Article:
Can you accredit Wisdom? That is, can you give it a stamp of approval, even via a formal process, say one connected to a reputable University? It sounds like an almost preposterous question, but can you give someone a postgraduate certificate in wisdom? At Mayvin, we have the audacity to think that may just be possible.
For the last few months now, we have been in a fruitful conversation with The University of Chichester about this very thing. Along with our partner, Dr Richard Hale, we have been offering a number of our clients a process for practice development, based on Action Learning.
People come up with a practical ‘how can I…?’ question, and work on this question through the life of an action learning group, made up of interested peers, who are all working on parallel but unique questions of their own. We facilitate the learning set and provide technical input specific to the client business, be it Organisation Development Capability Building, Leadership Development or HR practice.
The technical knowledge is important, at least initially, because it gives people a map of the field they are in. We find that often people ‘don’t know what they don’t know’ and are reassured to have clarity about this territory. But increasingly, as things progress, what comes into the foreground are the skills, and indeed wisdom, to make fine grained, politically astute and nuanced decisions in the heat of the organisational engine room. These wise decisions are often nuanced, local and timely, like the choice between two high quality candidates for a new post, or the decision, right now, to invest or not in new equipment.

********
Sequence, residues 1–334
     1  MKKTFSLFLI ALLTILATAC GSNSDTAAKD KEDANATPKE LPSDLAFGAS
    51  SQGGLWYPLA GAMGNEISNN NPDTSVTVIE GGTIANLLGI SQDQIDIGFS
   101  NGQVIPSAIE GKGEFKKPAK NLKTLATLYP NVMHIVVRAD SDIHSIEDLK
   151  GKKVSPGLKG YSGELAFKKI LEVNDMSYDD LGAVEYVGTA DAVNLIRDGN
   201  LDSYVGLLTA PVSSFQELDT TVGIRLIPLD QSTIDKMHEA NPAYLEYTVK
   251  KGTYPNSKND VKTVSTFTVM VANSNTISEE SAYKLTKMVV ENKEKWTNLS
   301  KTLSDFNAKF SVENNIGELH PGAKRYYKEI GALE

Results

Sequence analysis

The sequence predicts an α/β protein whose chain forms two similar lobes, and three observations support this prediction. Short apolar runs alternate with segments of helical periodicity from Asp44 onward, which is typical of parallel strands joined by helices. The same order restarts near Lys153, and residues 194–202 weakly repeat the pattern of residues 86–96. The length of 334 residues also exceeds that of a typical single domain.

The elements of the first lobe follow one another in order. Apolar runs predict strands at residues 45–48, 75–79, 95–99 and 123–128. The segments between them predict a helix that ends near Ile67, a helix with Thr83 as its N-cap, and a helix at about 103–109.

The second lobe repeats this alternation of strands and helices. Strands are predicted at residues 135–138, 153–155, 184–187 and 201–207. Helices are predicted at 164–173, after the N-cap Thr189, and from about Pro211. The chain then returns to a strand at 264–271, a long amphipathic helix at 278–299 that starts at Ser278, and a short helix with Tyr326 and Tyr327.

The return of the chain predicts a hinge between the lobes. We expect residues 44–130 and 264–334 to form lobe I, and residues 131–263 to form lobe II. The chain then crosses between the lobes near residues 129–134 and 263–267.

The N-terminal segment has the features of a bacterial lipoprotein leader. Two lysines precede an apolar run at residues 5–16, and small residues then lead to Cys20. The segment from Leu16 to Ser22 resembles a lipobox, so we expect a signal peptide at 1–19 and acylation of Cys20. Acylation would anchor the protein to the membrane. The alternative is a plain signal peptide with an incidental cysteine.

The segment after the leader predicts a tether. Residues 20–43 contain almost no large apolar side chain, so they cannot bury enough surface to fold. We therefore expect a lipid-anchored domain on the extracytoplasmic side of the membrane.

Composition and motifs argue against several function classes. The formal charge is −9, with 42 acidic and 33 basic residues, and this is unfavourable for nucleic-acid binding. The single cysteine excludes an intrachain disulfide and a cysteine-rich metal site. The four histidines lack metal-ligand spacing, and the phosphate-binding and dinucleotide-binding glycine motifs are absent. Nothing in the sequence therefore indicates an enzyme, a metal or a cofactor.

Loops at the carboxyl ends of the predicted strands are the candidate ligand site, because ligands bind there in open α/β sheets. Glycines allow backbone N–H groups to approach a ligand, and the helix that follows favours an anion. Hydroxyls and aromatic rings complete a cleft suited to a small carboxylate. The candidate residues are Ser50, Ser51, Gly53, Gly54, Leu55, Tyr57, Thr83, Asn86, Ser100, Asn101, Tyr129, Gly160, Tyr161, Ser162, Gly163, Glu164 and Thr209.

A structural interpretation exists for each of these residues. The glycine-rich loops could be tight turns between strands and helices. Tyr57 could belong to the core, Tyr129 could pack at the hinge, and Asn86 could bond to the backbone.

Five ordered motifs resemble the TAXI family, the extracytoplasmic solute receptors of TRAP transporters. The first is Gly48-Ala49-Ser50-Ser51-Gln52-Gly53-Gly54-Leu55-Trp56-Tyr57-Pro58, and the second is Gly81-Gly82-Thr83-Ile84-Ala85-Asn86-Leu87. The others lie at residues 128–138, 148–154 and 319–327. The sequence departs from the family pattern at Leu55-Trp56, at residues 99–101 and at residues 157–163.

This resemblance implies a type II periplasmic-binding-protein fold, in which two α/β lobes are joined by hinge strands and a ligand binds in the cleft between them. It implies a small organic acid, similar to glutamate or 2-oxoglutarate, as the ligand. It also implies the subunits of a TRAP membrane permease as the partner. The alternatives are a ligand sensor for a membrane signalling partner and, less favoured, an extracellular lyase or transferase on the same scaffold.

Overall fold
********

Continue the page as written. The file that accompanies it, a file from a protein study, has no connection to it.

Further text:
So, in this wisdom-training, participants are not only making the important decisions that keep the wheels turning, but are also learning vital evaluative and critical thinking skills.
This is where the accreditation comes in. If we map these skills to a postgraduate framework of assessment, which takes some painstaking work, and an open-minded University, it is then possible to come up with a framework that can offer people the chance to accredit this wisdom, whilst in the service of the everyday life of their business. We call this ‘double duty’, that is, learning about stuff whilst doing the work; a very efficient method of learning in time-poor businesses, that incidentally tallies perfectly with the Center for Creative Leadership’s famous ‘70:20:10’ formula.
The beauty of this (and the challenge to traditional executive education) is it is less about the technical tools and models and more about bringing out the wisdom and discernment that comes from within the candidate themselves.
We have used it in a very flexible range of settings, and to the great satisfaction of many of our clients. For example, for the last three years, we have been working with the UK Civil Service, providing capability development for HRBPs and Change Consultants in the skills and practice of Organisation Development. In doing so, using the Action Learning Question model, (in this context called the Organisation Development Question, or ‘ODQ’) we have accredited the practice of over 200 people to postgraduate level.
Meanwhile, these participants have been delivering change programmes that have made a real difference across government, from revamping a change community of 100+ within the Ministry of Defence to make them more joined up and efficient, to significantly upgrading the way HMRC goes about designing its teams, to make them more closely aligned to what the department is trying to achieve. As one of the participants on the OD Programme put it:
“You provided a challenging and supportive learning environment in which you consistently helped me translate the theory into practice.”
We are delighted that we now can offer this type of flexible accreditation on any of our development programmes, across the curriculum of leadership, personal and organisation development and design, as well as HR practice by working with the University of Chichester in the UK, and the Australian Institute of Management covering the Asia Pacific region.
We believe that with care and attention to what the business needs, and what people need to do to make this happen, it is possible to make the audacious claim that we can give wisdom the stamp of postgraduate approval.